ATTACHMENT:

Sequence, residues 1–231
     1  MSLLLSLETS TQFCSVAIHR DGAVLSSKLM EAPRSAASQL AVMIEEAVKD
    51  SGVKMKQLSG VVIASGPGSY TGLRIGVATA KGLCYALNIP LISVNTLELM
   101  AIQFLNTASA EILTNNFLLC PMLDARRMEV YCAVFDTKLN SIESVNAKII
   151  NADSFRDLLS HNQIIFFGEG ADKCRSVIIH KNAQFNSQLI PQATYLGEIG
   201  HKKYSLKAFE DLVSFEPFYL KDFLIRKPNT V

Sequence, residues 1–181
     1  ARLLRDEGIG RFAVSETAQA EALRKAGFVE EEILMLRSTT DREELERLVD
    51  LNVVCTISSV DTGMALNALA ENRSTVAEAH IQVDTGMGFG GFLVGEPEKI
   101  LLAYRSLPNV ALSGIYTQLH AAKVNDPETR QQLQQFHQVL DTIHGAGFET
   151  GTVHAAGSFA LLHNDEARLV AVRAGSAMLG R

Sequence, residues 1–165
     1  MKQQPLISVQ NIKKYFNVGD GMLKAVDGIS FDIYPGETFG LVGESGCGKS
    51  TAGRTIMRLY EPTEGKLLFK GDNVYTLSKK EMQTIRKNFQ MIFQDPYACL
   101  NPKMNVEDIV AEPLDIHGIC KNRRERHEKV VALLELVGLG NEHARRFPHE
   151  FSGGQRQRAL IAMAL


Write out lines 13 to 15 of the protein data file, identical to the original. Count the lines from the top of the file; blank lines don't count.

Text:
     1  MKQQPLISVQ NIKKYFNVGD GMLKAVDGIS FDIYPGETFG LVGESGCGKS
    51  TAGRTIMRLY EPTEGKLLFK GDNVYTLSKK EMQTIRKNFQ MIFQDPYACL
   101  NPKMNVEDIV AEPLDIHGIC KNRRERHEKV VALLELVGLG NEHARRFPHE